By Stefanie Stern
Over the years, Scott Philips – TruNorth Partners Principal and Founder, has developed several diagnostic tools that support teams in identifying the various elements that are helping or hurting their success. In early 2013, Scott developed a poignant new diagnostic that tackles what might be the most critical component to a company’s success, an issue that flat-out stumps many leaders today: employee engagement and motivation. I sat down with Scott to learn more about the tool and why every company should be looking at these things.
TNP: Why look at employee motivation and engagement?
Scott: The purpose of business is to make money, right? To make money you need customers, products or services, a strong value proposition, and an ability to deliver on that value proposition. Productivity and profitability rarely (if ever) occur without an engaged and motivated workforce. Success is dependent on it.
TNP: How do you define employee motivation and engagement?
Scott: Employee motivation is what draws an individual to their work and workplace or what personally stimulates them to high levels of performance. This is unique for virtually every person, and is much more internally driven. Leaders who know how to motivate their employees know how to sync with those employees’ internal drive. Engagement is essentially external elements that connect or involve individuals with outside stimulus. Engaged employees are attentive, they contribute, they are stimulated, and they show care for what’s happening. The outcome of both strong engagement and motivation is higher productivity and profitably. These things should matter to every company.
TNP: Would you say these things matter more now to companies than they used to? Why?
Scott: A qualified yes. I don’t think that motivation and engagement have necessarily changed, I think that the things that matter to people have changed a bit. A decade or two ago, the mentality was more “I’ll take any job to earn a decent living”. It’s not that way anymore. Today, people want to do something they feel passionate about. And, with the ‘graying of America’ and Baby Boomers exiting the workforce, there are more opportunities available and people can now be more choosy. Also, many employers are now looking for skills more than experience, which means that people don’t necessarily have to pay their dues and “climb the ladder” as much as they used to. That means people aren’t as loyal to their workplace as they used to be; they are loyal to themselves. With all that to consider, it’s becoming critical for employers to understand what they’re people need to stay motivated and plugged in. If they don’t look at that, they’ll lose people.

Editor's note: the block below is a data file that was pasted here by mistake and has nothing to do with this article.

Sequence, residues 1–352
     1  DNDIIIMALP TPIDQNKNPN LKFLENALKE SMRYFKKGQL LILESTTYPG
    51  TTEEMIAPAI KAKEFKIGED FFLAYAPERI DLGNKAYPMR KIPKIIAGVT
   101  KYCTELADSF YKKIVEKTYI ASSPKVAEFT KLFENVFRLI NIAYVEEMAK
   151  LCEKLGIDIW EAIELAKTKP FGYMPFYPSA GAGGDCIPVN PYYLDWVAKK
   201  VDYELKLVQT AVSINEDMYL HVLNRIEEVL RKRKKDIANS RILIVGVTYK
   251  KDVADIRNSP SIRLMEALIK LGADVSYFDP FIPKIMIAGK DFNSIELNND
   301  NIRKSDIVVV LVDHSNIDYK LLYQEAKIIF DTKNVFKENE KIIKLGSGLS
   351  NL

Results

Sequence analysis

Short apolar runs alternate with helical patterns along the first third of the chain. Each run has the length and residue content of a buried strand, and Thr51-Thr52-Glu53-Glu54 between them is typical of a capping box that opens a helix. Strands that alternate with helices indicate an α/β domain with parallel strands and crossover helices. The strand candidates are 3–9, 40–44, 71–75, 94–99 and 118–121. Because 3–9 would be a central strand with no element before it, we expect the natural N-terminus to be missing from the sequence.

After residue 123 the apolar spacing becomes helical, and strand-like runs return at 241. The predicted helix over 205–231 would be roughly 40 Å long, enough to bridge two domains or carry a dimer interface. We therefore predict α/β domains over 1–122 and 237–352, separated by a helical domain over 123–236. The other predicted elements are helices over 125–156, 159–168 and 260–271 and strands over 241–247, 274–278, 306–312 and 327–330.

TNP: You’ve recently developed an employee engagement tool called the DWEM (Diagnostic for Workforce Engagement and Motivation). How does it work?
Scott: The DWEM is a diagnostic tool that looks at 32 elements in workplace and measures how important those elements are and how well the organization provides those things. Where you have high importance and low performance, you have the areas with opportunity for improved engagement and motivation. Where you have low importance and high performance, there may be an over-investment that could be reallocated to other areas in need of resources. Once these are viewed, an organization is more apt to reorient their priorities to meet the needs of their employees more directly.
TNP: You mentioned 32 elements. What kinds of elements are you looking at?